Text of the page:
This live recording
of a production of Wagner’s Flying
Dutchman sets itself apart from
others in claiming to be as close as
possible to the "original"
performing conditions of the 1840s.
While difficult to pin down exactly
which particular version it is aspiring
to emulate, since Wagner constantly
revised the work between its completion
in Paris and its premiere in Dresden
in 1943, the performance here nonetheless
sticks to original instruments, and
to the pre-Dresden text. It is therefore
set in Scotland, not Norway, and our
familiar Daland is here Donald, and
Erik, Georg. The musical differences
include using the quieter ophicleide
instead of a tuba, employing a smaller
number of instruments, and deploying
natural horns and trumpets which Wagner
cunningly set alongside the then-new
valve instruments to great and special
effect. Thus when we encounter the Dutchman
motif for the first time, it sounds
forth in the natural trumpet, and later,
in the natural horn, brilliantly creating
a more ghostly, raw, natural, wild and
mysterious sound, which works well.
The attempt to reconstruct an original
sound would mean the use of lighter
and less "romantic voices",
too, yet the recording has not captured
this quite so successfully, as Astrid
Weber, in particular, who plays Senta,
has a fairly heavyweight voice, thus
defeating their aims!
In the explanatory
sleeve-notes and interview with the
conductor Bruno Weil, Weil says of the
speed that "the tempi determine
themselves when playing on old instruments".
The start of the disc would not appear
to corroborate this. The opening few
minutes of the overture seem to me to
be taken at too swift a pace – certainly
the fastest I’ve ever heard it - and
the rushing orchestra almost fails to
keep up with the conductor’s drive!
It consequently lacks the majesty and
sweeping grandeur of other recordings,
yet the racing effect is comparatively
I was just very slightly
disappointed with the first act, which
came across as a little lack-lustre,
begging for more passion, and wasn’t
quite gripping or wild enough for me,
possibly concentrating too much on accuracy
and not enough on spirit. For instance,
in the second scene, the Dutchman’s
crew sing "Eternal destruction
take us" in a rather matter-of-fact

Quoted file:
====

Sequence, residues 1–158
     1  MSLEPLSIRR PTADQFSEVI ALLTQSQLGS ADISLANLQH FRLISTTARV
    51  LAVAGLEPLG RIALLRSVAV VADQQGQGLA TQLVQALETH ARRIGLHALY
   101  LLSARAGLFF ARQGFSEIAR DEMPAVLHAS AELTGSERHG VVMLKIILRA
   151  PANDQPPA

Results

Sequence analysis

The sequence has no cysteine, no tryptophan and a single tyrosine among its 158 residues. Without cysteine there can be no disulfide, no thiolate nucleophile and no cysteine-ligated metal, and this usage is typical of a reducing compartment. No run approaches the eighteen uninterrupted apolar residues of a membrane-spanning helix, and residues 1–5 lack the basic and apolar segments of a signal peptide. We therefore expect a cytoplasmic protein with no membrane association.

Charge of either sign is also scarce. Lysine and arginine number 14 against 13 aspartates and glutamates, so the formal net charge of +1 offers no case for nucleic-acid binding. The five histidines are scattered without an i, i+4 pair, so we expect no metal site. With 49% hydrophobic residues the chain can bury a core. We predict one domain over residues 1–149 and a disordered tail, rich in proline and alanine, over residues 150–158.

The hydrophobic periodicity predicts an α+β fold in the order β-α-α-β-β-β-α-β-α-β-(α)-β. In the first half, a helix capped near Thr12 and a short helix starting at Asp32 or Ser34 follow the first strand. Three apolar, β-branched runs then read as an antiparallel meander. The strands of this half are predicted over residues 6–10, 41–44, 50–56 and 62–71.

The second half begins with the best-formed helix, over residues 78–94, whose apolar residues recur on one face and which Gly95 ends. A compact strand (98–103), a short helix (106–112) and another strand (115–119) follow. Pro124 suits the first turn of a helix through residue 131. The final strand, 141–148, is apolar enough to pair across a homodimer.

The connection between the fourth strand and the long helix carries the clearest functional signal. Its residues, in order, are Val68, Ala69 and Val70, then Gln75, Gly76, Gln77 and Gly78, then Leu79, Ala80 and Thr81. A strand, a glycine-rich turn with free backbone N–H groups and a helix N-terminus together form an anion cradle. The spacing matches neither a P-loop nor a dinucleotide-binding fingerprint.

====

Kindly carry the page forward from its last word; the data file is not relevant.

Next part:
way rather than sounding despairing
as one might well imagine that anyone
uttering those words might be! However,
it is undoubtedly well-conducted and
excellently performed, with outstanding
strings (especially in the rushing sections)
and a gorgeous sound from the woodwind.
Franz-Josef Selig, who plays Donald,
has a nice rich tone, and the other
singers are good, albeit Senta’s song
(Act 2 / Scene 4) has some slightly
bad intonation in places, and Terje
Stensvold, the Dutchman, never manages
to sound mysterious, accursed, or desperately
It is fascinating to
hear the difference that the "original"
instrumentation makes. The whole work
comes across as far more "classical",
and has far less of that dark, heavy,
thick soup of sound that we – mistakenly
- tend to associate with Wagner. The
Act 1 / Scene 3 Donald and Dutchman
duet brings this lighter, thinner texture
and less rich and romantic air out well,
the girls’ song in Act 2 / Scene 4 has
a nice light touch – far more so than
one usually finds. In Act 2 / Scene
5, Georg seems to fit in far better
with the "reconstruction"
of an original sound with a much brighter,
slighter voice, also lending a more
classical feel to the proceedings.
Acts 2 and 3 are brilliant,
with far more fervour and passion, including
a deeply stirring duet between the Dutchman
and Senta in Act 2 / Scene 6. Overall,
this is a good performance with some
exquisite playing, competent conducting,
and excellent sound for a live recording.
It is certainly very interesting to
compare it with versions using modern
instruments and generally heavier voices.
So, fascinating from a historical and
musicological point of view and a fine
production to boot.